Robin Rich posted a letter from Brighton, England. Murasaki Sagano took her time updating the addresses of her acquaintances and tying some strings around all the midsummer greeting cards she gratefully received in Tokyo. Kanematsu corresponded with haiku friends in Australia.

second class stamp
Why
hurry up love

* * *

time passes
group postcards–
summer camellias

* * *

In the middle of summer–
winter greetings
from Hobart

Craving a crime thriller in Misawa, Aomori Prefecture, Patrick Sweeney rewatched a movie starring Cary Grant and Audrey Hepburn. With tears in his eyes, Suzuki rewatched the final scene of a 1970 Italian drama starring Sophia Loren and Marcello Mastroianni filmed in a field of sunflowers near Poltava, Ukraine.

Charade
when honest M. Félix says:
“For a few minutes they were mine.”

* * *

No old stamps–
in the movie “Sunflower”
Sophia Loren’s Tears

Yutaka Kitajima peered through a magnifying glass in Joetsu, Niigata Prefecture.

Through a magnifying glass
philatelic finds
enigma

Paula Sears may well have waited in line behind a neighbor she knew in Exeter, New Hampshire. The talented haikuist, however, was referring to an adhesive postage stamp worth a penny in 1840 which depicted Queen Victoria’s profile against a black background.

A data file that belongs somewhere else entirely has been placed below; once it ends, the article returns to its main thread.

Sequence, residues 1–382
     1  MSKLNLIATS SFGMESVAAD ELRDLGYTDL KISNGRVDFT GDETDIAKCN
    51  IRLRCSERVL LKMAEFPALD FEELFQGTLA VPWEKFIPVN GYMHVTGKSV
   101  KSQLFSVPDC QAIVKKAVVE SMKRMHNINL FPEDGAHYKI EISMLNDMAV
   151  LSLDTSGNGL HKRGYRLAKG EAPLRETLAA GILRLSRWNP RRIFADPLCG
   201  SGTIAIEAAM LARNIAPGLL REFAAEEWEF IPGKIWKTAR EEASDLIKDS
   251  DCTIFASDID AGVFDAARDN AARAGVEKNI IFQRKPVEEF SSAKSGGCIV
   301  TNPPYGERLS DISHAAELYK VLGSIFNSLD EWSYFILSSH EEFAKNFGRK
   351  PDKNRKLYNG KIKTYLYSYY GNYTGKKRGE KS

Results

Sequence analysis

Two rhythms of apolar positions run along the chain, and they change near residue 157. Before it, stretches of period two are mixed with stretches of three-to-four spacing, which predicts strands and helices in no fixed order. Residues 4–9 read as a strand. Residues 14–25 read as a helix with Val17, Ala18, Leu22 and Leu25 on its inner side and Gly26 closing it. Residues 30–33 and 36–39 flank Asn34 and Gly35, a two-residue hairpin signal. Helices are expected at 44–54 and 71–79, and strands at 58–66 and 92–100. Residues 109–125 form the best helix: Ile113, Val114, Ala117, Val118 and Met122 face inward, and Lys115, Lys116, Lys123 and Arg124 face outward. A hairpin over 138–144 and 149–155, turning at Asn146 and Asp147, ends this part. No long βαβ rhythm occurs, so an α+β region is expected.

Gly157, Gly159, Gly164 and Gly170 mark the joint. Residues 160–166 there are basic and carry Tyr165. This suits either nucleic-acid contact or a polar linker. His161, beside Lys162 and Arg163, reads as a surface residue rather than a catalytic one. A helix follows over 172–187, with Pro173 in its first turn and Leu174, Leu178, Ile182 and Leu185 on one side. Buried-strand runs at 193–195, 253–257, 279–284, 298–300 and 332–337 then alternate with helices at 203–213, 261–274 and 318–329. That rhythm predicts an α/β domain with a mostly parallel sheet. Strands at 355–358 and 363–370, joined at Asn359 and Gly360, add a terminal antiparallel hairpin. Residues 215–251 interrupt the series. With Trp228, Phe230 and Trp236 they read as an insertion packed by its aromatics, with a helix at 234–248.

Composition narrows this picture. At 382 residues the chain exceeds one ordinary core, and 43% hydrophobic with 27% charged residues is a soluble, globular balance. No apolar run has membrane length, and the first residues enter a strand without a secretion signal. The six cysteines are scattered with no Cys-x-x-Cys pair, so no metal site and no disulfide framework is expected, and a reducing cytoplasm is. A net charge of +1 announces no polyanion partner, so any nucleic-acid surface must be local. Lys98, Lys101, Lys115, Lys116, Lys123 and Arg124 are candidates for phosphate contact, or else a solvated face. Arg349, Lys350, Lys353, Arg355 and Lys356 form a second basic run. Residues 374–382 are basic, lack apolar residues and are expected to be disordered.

first in line
at the post office
Penny Black

Samo Kreutz listened carefully to a message delivered in Ljubljana, Slovenia. Stuck in a medical office, Mona Bedi learned to escape from Delhi, India. Going through her stamp albums, Anna Goluba said she could “let everything else go for a while” in Warsaw, Poland.

arrived safely
without any postage stamps–
the song of the troglodyte

* * *

confinement
I travel the world
with the clouds

* * *

Once upon a time
I collected stamps in a world
Without wars

Elancharan Gunasekaran prayed in Singapore. Natalia Kuznetsova observed a minute’s silence in Moscow.

the silence
at the war memorial
we fought for this peace

* * *

starry silence
embrace the troubled world
ceasefire respite

Pat Geyer received a card with the image of a duck in East Brunswick, New Jersey.

postcard in the mail…
I watch the spatula wade
‘cross postage stamp

Gordana Vlasic used an online service to track a package shipped from Oroslavje, Croatia.

good news!
travel postage stamp
to Poland

CX Turner inspected postmarks in Birmingham, England.

emotionally
timestamped
her love letters

In Rzeszow, Poland, Amin Jack Pedziwiater reset computer server settings.

sort my inbox
by mail system properties
encrypted postage stamps

Kristina Todorova expressed her gratitude in Sofia, Bulgaria.

still alive
the rose on the postage stamp
love letters from my parents

Stephen J. DeGuire admired a greeting card covered in bright pink carnations in Los Angeles. Luciana Moretto bought a colorful book of 10 stamps in Treviso, Italy.

free of shipping
when drawn in pencil–
Mothers’ Day

* * *

nice day
a set of floral stamps
I miss the garden

Elena Malec hosted a rainbow of shades in Irvine, CA.

lipstick kisses
postcard stamp
collection

Alan Peat gave up stamp collecting but not unrequited love in Biddulph, UK.

breaking cloud
the old stamp album
full of gaps

* * *

letter